The symposium saw three speakers examine the current limitations on defining and delivering required dose distributions, with regard to their respective areas of expertise: external-beam X-ray radiotherapy, ion beam therapy and brachytherapy.

External-beam concerns

The discussion kicked off with a presentation from David Thwaites, director of the Institute of Medical Physics at the University of Sydney, Australia, who examined the situation for megavoltage X-ray radiotherapy. Thwaites pointed out that while sophisticated modern technologies are able to deliver almost anything, there remains a host of unanswered questions.

Firstly, do we actually know the appropriate dose distribution to deliver to an individual patient? Currently, said Thwaites, no, we don't, as we don't understand the radiobiology well enough on an individual patient basis. Multimodal and functional imaging can help, but limitations remain due to fusion uncertainties and less than optimal image quality. As such, much research effort is currently going into improving deformable image registration (DIR) techniques.

Inconsistent target delineation between observers can also cause difficulties. As can the fact that modern delivery techniques, such as intensity-modulated radiotherapy (IMRT), volumetric-modulated radiotherapy and image-guided radiotherapy, alter the dose-volume trade-offs, the constraints and the margins. For example, IMRT produces a different dose spread to previous delivery techniques, with larger low-dose regions, the implications of which are not yet fully understood.

The next question: "Can we model the required dose distribution accurately and identify the best treatment plan?" Just about, said Thwaites. "In terms of plan optimization, we need to balance quality versus delivery limitations and delivery efficiency," he explained. Other factors to consider include: whether to perform biological or physical optimization; whether uncertainty can be included in the planning process; and which delivery technique and plan is best for a particular case, using multi-criteria approaches. Accurate low-dose modelling remains a problem.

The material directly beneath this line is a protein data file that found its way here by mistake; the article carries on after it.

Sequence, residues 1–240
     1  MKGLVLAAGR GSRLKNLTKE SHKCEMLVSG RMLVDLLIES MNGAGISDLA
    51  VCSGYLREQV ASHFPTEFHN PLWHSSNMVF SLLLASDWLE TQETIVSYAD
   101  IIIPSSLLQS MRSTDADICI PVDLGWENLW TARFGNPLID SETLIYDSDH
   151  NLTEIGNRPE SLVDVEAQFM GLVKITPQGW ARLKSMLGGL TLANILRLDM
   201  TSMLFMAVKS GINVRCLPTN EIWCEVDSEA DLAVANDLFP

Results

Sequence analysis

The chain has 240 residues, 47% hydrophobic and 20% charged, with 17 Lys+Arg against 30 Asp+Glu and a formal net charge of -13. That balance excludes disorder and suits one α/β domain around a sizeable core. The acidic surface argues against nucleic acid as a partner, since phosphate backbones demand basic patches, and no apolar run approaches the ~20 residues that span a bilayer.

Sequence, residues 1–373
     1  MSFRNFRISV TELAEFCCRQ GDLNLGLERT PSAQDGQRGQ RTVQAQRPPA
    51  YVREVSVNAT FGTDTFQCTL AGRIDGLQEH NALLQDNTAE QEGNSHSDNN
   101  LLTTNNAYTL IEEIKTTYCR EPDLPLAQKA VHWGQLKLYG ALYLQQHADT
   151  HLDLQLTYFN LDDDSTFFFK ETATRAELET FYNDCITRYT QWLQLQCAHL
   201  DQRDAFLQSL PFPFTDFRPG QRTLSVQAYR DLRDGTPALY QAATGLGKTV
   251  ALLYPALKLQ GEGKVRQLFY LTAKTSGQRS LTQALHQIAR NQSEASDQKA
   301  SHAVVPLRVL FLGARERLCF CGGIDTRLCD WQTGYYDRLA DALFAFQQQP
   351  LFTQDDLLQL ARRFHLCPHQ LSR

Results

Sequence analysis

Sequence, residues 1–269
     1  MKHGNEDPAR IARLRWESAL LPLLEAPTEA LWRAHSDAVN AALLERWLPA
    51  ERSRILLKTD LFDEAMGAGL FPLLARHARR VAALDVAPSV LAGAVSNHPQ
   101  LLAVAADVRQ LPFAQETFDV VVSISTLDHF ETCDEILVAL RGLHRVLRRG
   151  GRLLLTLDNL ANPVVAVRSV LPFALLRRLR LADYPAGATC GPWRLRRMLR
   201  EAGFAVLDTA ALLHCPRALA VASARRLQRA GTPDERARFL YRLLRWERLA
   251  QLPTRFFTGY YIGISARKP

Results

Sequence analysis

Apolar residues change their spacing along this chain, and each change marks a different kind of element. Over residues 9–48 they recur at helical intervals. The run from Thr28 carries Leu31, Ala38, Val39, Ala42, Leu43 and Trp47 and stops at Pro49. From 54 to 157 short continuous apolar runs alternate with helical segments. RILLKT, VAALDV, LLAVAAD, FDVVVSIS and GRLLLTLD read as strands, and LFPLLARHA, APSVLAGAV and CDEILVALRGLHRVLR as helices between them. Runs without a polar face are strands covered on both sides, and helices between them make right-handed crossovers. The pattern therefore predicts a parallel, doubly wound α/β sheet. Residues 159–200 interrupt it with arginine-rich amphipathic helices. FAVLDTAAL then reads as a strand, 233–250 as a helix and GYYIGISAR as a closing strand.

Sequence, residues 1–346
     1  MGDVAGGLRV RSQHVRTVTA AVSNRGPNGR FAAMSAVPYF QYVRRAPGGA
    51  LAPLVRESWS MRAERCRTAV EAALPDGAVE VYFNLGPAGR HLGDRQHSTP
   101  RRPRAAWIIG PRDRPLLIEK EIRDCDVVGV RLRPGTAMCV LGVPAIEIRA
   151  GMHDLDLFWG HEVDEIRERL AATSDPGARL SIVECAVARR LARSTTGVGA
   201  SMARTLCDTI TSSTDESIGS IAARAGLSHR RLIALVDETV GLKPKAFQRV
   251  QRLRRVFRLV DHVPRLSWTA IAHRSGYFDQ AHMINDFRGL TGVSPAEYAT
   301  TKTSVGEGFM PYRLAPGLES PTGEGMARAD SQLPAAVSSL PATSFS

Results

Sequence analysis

And once we know what dose to deliver, can we realistically and robustly deliver it? Yes we can, Thwaites said, with the caveat that it's vital to use image-guidance for complex treatments and to verify dose delivery. At present, most radiotherapy is performed using pre-treatment verification, but in vivo dosimetry could detect errors that may otherwise be missed. "We should be doing in vivo dosimetry with EPIDs," he explained. "This is not fully supported by manufacturers at the moment, but clearly, it's where we should be going."

Another issue that must be addressed is the ability to deal with inter- and intra-fractional variations. Adaptive radiotherapy, Thwaites said, is still very much in development, and can be dependent upon the DIR algorithm chosen. For larger motion changes, tracking systems are reported to work reasonably well, but are not yet at the point of widespread implementation. There is also a need for more efficient and integrated quality assurance tools and methods.